ng: command not found – when install angular-cli on OSX

Angular2 requires a bunch of files to setup and things to configure. To avoid unnecessary typing and copying of files the angular guys created angular-cli which allows bootstrapping a new Angular2 application with just one line:

ng new my-fancy-app

When installing the angular-cli package using:

npm install -g angular-cli

I encountered a strange error message that stated:

ng: command not found

There is this discussion on Github but all comments there did not solve the issue for me. Finally I noticed that the ng-command is not linked in /usr/local/bin. The fix for my problem was to add it via:

ln -s /usr/local/Cellar/node/6.3.1/lib/node_modules/angular-cli/bin/ng /usr/local/bin/ng

Gulp build fails with: Error: Broken @import declaration of “”

I am currently working on a project that involves an Angular.js frontend and the build server running on a machine behind a corporate proxy. From time to time this error occurs:

Error: Broken @import declaration of “

All the other tasks such as bower install work fine because we set the proxy for bower, npm and git. After some research it became clear that the clean-css dependency that is used by gulp-minify-css  is the problem. This plugin ignores the proxy settings and tries to resolve the import declaration directly. Solution is very easy: just set a HTTP_PROXY environment variable with your proxy and everything works just fine.

This issue here describes some more possibilities to get around this problem.

Bower install / NPM install behind a proxy

Often when you work in a company network your are using a proxy to connect to the internet and it is not uncommon that you receive the following error when trying to execute bower install or npm install

ECMDERR Failed to execute "git ls-remote --tags --heads git://", exit code of #128

The proxy is blocking the connection to Github because most proxy do not allow git://-urls. The solution for this is very simple. Just change the git urls to https and everything will work. This command changes all github urls to https:

git config --global url. git://

gulp-nodemon: Object # has no method ‘spawnSync’

gulp-nodemon is a nice tool if you want to restart your node process when your source code changes. It is very easy to use. Just take this snippet from their sample code and modify the script to your needs.

gulp.task('develop', function () {
  nodemon({ script: 'server.js'
          , ext: 'html js'
          , ignore: ['ignored.js']
          , tasks: ['lint'] })
    .on('restart', function () {

Just fire up “gulp develop” and the server will start.

You might receive the following error: Object #<Object> has no method ‘spawnSync’

In this case check your node version (e.g. mine was 0.10.26). As stated in the release notes (here) you need to use Node.js version 0.12 in order to use it. You either use an older version of gulp-nodemon or upgrade your Node.js installation to the correct version.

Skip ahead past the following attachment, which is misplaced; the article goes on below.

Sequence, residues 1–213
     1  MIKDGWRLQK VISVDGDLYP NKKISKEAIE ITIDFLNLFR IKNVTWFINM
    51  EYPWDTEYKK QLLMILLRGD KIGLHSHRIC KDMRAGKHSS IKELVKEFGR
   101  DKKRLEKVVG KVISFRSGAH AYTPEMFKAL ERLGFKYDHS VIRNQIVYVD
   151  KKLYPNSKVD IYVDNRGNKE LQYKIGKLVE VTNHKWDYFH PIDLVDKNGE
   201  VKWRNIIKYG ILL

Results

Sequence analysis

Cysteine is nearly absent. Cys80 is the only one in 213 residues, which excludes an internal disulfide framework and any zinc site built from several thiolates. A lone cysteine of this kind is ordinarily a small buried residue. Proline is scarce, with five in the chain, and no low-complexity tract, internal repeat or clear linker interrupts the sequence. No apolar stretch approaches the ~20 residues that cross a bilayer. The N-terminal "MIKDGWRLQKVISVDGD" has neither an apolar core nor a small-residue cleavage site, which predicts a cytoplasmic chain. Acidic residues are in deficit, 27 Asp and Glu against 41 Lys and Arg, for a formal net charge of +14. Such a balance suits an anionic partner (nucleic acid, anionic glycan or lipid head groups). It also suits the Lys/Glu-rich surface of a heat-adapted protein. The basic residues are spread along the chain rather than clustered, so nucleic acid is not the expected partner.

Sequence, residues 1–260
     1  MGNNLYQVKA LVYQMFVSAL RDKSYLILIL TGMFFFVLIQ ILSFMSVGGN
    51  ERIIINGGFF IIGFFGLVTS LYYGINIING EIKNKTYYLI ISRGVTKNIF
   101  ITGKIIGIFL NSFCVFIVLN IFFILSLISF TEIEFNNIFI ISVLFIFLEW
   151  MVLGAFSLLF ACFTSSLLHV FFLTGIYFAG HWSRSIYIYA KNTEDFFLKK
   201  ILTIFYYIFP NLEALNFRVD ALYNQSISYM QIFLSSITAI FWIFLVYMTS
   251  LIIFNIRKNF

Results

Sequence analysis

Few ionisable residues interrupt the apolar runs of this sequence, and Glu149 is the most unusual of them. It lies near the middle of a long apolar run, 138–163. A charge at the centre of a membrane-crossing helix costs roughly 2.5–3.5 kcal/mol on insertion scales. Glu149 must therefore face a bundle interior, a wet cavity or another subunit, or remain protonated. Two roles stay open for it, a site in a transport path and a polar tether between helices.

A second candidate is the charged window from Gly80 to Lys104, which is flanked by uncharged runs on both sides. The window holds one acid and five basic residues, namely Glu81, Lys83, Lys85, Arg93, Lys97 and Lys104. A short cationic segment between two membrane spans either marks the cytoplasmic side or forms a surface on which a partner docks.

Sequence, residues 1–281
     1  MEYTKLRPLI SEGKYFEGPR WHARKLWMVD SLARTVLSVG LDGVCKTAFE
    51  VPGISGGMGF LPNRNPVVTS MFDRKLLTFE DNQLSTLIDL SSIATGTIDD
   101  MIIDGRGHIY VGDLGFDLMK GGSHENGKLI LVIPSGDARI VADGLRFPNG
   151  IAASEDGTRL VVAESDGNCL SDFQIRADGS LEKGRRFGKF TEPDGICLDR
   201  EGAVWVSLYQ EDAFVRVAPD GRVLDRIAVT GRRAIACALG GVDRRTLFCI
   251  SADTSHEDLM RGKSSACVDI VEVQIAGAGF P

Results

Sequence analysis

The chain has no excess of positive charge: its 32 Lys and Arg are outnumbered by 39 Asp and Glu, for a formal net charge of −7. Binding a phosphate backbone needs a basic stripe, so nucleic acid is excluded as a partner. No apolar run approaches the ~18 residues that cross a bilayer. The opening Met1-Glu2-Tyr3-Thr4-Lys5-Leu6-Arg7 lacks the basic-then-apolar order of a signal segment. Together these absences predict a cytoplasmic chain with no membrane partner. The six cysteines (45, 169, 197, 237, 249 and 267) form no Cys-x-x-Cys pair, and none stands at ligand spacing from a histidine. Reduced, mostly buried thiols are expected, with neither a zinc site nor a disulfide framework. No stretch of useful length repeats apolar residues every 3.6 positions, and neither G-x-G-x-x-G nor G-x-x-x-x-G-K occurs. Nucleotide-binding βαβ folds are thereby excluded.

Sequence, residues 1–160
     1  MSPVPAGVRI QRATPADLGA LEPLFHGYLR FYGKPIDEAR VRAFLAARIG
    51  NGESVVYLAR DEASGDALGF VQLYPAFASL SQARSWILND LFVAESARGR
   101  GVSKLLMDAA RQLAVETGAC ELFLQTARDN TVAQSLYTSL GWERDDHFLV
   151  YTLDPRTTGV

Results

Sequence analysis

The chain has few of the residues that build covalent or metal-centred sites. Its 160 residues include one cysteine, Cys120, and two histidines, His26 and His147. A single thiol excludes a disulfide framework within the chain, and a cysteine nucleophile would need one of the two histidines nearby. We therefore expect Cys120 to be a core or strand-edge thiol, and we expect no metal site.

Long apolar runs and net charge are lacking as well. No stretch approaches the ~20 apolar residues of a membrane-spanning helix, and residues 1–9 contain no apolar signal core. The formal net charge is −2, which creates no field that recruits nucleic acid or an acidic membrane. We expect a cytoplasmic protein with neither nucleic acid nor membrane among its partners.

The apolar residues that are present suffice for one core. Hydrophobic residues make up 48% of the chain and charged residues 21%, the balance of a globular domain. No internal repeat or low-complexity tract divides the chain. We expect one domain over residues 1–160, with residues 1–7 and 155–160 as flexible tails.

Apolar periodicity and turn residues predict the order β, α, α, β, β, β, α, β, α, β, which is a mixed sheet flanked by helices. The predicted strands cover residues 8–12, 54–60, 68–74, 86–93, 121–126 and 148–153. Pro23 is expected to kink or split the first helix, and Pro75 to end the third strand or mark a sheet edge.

Error: ENOENT, stat ‘C:\Users\Username\AppData\Roamin\npm’

Today I installed Node.js on a new Windows 8.1 machine. I downloaded the latest version from and tried to use npm. I got the following exception:

Error: ENOENT, stat 'C:\Users\Username\AppData\Roamin\npm'

The solution is very simple: Just create the folder: C:\Users\Username\AppData\Roamin\npm Afterwards node (and npm) works as expected.

This behavior is a bug in the recent version of the node installer (see here for more details).

JavaScript – Documenting optional parameter

JavaScript is an awesome language but due to its nature parameter documentation is pretty important especially when it come to optional parameters. If you want to create a method like this:

module.exports.create = function (callback) {
    // Do something
    if (callback) {

Obviously, callback is an optional parameter but if we use this method in an IDE like JetBrains WebStorm it will always show us a wrong signature warning and other developers might think this parameter is mandatory.  We can overcome that situation by adding the correct comment on this method.

 * The method does something. 
 * @param {requestCallback=} callback
module.exports.create = function (callback) {
    // Do something
    if (callback) {

Now the IDE and other developers looking at our method know that the parameter is optional and can use it like that. This syntax can be used to provide a lot of information on the different request parameter. This link contains a very detailed description.

Object # has no method ‘flash’ undefined TypeError: Object # has no method ‘flash’ at allFailed

Recently I was playing around with Passport.js in an Express application. I created a login route that logged like that:

passport.authenticate('local', {
    successRedirect: '/app',
    failureRedirect: '/login',
    failureFlash: false

Everything worked fine and I could login to my application but I also wanted to show a message when the login fails. So I changed my route to:

passport.authenticate('local', {
    successRedirect: '/app',
    failureRedirect: '/login',
    failureFlash: true

Instead of redirect back to the login page I got this exception:

Object #<IncomingMessage> has no method 'flash' undefined TypeError: Object #<IncomingMessage> has no method 'flash' at allFailed

The solution for this is simple. I forgot to include the connect-flash module that provides the flash method. So I changed my startup code:

var flash = require('connect-flash');

Even so the solution is quite simple and somehow obvious. It doesn’t seem right that changing a property to true introduces the need for a new middleware.